The hotel I stayed at is a little to the left of where I stood to take this picture

Chepstow Castle, despite its age, is still a magnificent building, standing on tall cliffs overlooking the River Wye.  Built in 1086, it was one of numerous castles built to secure the border, or March, between England and Wales.  The castle remained in royal hands until about 1115, when it was granted to Walter fitz Richard of Clare.  When his son, Earl Richard, better known as ‘Strongbow’, the conqueror of the Irish province of Leinster, died, and his son after him, the castle passed to Earl Richard’s daughter, Isabel.  Because of her young age, she was made a ward of King Henry II, and was considered one of the greatest heiresses in the country.  As a reward for Marshal’s unswerving loyalty, the king promised his young ward to the knight in marriage; they were wed in 1189.

William Marshal effigy, Temple Church, London

By the time the castle passed into Marshal’s possession, it was old.  Marshal went about creating a formidable, yet comfortable castle.  When Marshal died, each of his five sons inherited the castle, and it remained in the family until 1245.  After that date, because there were no surviving male heirs, Chepstow passed to Marshal’s eldest daughter, Maud, who had married Hugh Bigod.  Her son, Roger Bigod, 4th earl of Norfolk, inherited her share of the Marshal inheritance, including the title of Earl Marshal and Chepstow Castle.  This then passed to Roger’s nephew, another Roger, and on his death, the castle and his lands were back in royal hands, starting with Edward I.

In 1642, at the start of the Civil War, the castle’s owner, Henry, the 5th earl of Worcester, declared for King Charles I.  The castle, strategically placed at the entrance to South Wales, controlled the Severn estuary and its links to the important royalist stronghold of Bristol.  It was only when Bristol fell in 1645 that the parliamentarians were able to force the surrender of the castle.  In 1648, after Charles I had been captured, diehard royalists instigated the second phase of the Civil War through a number of uprisings.  The royalist, Sir Nicholas Kemeys, tried to defend Chepstow Castle with 150 men.  But the parliamentary forces “razed the battlements, destroyed the garrison’s guns and bombarded the interior with mortar shells.”  The garrison surrendered, and Sir Kemeys was peremptorily shot.  Chepstow Castle was granted to Cromwell, and it was converted into a military barracks, and a prison for political dissidents.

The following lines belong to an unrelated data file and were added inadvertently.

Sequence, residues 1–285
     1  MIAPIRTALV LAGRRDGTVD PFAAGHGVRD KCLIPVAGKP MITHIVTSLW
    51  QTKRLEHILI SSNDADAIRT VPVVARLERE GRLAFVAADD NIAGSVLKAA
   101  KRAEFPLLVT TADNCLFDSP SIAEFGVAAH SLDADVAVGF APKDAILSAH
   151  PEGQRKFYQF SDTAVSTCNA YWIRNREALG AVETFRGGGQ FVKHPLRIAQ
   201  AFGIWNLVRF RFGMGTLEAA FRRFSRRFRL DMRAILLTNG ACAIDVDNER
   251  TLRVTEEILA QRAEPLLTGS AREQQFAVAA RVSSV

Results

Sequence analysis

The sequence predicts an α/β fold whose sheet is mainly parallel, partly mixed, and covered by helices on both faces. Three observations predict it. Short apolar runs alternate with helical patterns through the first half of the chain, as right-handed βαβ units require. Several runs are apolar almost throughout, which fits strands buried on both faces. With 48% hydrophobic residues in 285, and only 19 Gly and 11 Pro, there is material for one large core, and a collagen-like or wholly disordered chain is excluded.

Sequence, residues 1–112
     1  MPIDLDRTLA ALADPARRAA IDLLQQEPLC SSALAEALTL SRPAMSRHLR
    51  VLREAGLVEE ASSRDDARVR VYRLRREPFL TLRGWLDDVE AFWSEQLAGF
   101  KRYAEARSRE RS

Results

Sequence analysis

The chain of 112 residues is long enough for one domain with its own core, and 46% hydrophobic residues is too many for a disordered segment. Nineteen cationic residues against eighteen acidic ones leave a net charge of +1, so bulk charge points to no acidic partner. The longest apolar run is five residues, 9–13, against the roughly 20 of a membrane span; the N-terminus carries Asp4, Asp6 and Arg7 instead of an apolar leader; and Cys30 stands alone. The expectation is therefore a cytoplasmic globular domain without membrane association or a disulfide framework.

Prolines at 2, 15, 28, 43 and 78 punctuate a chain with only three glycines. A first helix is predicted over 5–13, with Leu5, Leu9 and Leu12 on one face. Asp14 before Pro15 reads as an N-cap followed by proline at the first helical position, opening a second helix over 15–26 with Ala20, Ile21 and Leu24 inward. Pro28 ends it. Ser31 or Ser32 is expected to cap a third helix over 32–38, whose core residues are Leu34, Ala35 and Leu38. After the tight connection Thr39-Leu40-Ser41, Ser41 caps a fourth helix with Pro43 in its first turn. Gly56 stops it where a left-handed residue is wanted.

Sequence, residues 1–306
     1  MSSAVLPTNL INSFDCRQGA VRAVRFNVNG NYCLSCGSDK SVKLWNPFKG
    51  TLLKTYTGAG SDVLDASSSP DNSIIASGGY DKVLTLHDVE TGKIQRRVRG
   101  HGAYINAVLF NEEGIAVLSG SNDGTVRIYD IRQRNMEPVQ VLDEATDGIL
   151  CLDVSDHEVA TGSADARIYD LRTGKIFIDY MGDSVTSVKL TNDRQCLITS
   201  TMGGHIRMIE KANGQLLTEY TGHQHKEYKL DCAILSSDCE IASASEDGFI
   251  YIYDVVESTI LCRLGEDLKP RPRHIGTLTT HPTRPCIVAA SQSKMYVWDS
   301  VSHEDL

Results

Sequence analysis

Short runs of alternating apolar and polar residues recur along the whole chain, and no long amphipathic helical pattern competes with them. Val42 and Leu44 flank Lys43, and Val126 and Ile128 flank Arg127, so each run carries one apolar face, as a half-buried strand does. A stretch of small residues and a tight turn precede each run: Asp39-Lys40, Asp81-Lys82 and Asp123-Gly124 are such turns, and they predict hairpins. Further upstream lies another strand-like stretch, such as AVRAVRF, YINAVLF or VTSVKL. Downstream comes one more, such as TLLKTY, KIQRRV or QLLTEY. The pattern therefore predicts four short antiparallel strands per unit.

During the 18th century, parts of the castle were used, among other things, as a nail manufactory.  In the 19th century, the 8th duke of Beaufort cleared out the interior of the castle, making it more welcoming by adding paths and seats.  In 1953, the owners, the Lysaght family, put the castle in the guardianship of the State; it is now maintained by Cadw, the historic environment service of the Welsh Assembly.

One thing about this castle ... it's very sprawling, unlike Bodiam Castle, which with its 'compact' design, was easy to work out what was what.  With Chepstow Castle, it was a case of walking from one area to another, and it wasn't readily obvious what the function of each part of the castle was.

The River Wye

Leading down to the cellar

These are the oldest castle doors in Europe; dendrochronology (tree-ring dating) was used to establish their age - they were made no later than the 1190s

Roger Bigod's great hall, looking towards the service rooms; the stairs lead up to his chamber which was closed off

This looks like an original piece of timber

The great tower

The interior of the great hall, in the great tower

Remembered to take a picture of castle steps ...

More steps ... I was taking these one at a time

Marshal's Tower